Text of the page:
Defeating Diaper Rash

The Ins & Outs: Soothing and Treating Diaper Rash

Almost every parent encountersdiaper rash at some point in the diapering years. Between time exploring the world, sick days (and nights), and trying out new foods, your baby’s bum is bound to get red and irritated at some point. While they—and you—may be feeling uncomfortable, the bottom line is: it’s easily treatable with the right product. Read on to learn what causes diaper rash, how to treat it, and when to call the doctor.

Did you know?

1 in 4 babies experience a diaper rash in their first month! It’s that common.

Diaper Rash Triggers

The most likely cause of diaper rash is a soggy, wet diaper. But there are other reasons your little one’s bum can become red and tender to the touch. Some of them may surprise you!

  • Stool, urine, or illness
    Your baby’s skin is very sensitive and can quickly become irritated by stool and urine. This can intensify when they are sick or have diarrhea.
     
  • Friction
    If your baby’s diaper or clothing is too tight, this can lead to chafing, rubbing, and irritation.
  • New products
    Have you recently switched to a new brand of diapers, wipes, laundry detergent, or lotions? Your child’s skin may be having a reaction.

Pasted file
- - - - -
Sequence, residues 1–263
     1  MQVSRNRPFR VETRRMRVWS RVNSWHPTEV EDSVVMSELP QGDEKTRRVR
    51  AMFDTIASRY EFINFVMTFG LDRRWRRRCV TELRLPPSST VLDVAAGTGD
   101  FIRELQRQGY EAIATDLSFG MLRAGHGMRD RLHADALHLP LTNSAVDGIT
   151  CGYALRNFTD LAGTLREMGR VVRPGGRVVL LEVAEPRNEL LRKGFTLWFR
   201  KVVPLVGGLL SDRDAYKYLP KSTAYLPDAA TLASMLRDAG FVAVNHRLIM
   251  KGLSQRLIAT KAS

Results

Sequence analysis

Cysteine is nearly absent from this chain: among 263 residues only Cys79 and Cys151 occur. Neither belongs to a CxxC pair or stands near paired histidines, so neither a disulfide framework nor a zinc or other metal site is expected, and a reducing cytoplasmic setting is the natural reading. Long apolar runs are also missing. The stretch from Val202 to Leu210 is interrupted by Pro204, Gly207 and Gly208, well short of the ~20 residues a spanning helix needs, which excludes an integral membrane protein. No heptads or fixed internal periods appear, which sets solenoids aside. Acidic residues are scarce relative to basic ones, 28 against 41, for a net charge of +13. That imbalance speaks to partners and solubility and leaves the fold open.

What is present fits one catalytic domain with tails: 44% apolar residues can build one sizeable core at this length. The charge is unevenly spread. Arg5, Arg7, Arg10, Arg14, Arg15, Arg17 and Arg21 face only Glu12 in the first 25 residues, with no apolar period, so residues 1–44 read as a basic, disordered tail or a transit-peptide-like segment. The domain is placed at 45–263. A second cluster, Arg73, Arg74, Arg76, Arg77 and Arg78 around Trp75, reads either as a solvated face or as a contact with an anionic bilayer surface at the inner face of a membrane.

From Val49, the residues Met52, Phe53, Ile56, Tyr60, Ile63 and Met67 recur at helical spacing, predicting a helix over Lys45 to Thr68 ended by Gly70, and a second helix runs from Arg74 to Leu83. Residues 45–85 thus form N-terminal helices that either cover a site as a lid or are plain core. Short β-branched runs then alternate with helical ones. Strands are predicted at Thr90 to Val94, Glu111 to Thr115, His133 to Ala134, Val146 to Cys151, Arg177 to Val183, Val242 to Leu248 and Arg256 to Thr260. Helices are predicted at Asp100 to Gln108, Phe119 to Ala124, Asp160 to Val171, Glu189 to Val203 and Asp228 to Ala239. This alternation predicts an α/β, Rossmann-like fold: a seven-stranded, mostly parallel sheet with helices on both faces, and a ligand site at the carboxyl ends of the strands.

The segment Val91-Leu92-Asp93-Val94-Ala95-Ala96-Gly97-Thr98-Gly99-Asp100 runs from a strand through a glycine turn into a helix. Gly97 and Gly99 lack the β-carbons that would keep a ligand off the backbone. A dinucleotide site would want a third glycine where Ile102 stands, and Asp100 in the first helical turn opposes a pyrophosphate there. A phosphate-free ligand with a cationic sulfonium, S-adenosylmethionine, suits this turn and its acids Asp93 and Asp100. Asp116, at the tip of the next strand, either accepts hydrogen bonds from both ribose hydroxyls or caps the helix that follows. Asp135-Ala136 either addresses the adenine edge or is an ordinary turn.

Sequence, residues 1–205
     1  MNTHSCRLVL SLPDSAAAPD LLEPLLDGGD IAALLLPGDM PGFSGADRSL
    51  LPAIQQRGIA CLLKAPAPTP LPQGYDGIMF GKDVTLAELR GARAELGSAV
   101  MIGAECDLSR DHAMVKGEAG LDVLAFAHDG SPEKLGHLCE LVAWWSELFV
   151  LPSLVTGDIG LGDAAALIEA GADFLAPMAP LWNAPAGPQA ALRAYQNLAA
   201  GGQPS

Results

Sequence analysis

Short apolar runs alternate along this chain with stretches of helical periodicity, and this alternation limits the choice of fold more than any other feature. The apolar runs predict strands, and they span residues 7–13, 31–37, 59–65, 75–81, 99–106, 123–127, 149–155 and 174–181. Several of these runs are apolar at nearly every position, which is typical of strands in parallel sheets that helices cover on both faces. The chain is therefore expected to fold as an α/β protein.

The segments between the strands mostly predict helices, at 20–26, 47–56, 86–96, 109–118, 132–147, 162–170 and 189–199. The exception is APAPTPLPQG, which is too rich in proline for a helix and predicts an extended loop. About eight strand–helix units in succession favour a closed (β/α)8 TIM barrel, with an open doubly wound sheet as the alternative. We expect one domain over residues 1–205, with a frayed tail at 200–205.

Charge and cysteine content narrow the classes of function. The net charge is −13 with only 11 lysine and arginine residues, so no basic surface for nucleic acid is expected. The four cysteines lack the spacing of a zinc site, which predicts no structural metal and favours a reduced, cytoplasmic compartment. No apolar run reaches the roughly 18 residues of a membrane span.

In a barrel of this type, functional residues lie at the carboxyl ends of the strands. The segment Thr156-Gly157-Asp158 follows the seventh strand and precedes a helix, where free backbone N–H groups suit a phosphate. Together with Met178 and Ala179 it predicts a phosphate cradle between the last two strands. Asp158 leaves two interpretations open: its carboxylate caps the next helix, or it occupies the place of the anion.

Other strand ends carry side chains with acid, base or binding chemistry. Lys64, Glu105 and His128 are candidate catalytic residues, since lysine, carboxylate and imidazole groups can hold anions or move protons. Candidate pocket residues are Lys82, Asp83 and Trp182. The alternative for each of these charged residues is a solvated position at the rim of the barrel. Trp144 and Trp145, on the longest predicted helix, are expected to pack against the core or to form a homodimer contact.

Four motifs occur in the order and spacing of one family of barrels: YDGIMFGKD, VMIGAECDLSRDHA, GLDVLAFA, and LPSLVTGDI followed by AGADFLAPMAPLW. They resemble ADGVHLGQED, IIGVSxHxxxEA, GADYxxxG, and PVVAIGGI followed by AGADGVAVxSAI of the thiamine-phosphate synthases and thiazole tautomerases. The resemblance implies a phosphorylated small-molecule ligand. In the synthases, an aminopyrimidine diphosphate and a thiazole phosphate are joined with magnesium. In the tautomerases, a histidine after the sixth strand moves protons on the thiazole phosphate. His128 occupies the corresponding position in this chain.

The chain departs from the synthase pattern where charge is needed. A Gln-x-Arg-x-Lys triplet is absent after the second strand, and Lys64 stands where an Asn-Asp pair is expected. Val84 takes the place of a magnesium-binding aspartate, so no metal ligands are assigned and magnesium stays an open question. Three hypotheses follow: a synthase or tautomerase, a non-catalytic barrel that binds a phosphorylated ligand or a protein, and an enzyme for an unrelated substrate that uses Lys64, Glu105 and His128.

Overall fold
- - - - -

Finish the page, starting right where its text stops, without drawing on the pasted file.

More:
• Teething
    This growth stage causes many issues you wouldn’t expect. Loose stool is one of them, and this can trigger a rash.
     
  • Starting solids or trying new foods
    Changes in what your child eats can affect their stool. Or, if you’re breastfeeding, foods in your diet can impact your baby’s stool. When introducing them to a new food, it’s a good idea to do so over the course of a few days and see how it goes.
     
  • Antibiotics
    Unfortunately, antibiotics can impact the healthy balance of bacteria in your baby’s gut. This can lead to a yeast infection or diarrhea—which may trigger diaper rash.

The Degrees of Diaper Rash

The illustration below is meant to help you assess the severity of your baby’s rash.

When to call the doctor: If their rash gets worse, bleeds, or your baby develops a fever or sluggishness, call your pediatrician.

Solutions to Prevent and Treat Diaper Rash

One of the best ways to help prevent diaper rash is to change diapers frequently. But don’t fret if your baby develops a rash. There are steps you can take to relieve their discomfort.

Skip the wipes

Wipes can leave a residue that can further irritate the skin. When possible, simply rinse with warm water and gently pat dry. For when you’re on the go, use a water-based, alcohol- and fragrance-free wipe.

Give them airtime

Whenever possible let your baby go diaper-free so their bums can air dry.

Protect their sensitive skin

Use a thick layer of ointment, like Aquaphor Baby Healing Ointment®, with every diaper change to help protect from wetness, acidity, and chafing. Use Aquaphor® Baby Diaper Rash Paste with 40% zinc oxide for fast relief from more troublesome diaper rash. If the rash persists, call your pediatrician.

Loosen up

Make sure their diaper is not too tight.

Soothe and Protect Your Baby’s Delicate Skin with Aquaphor® Baby

Dermatologist recommended Aquaphor® Baby provides multiple solutions to help prevent and treat diaper rash. Use the chart below to understand which product is best.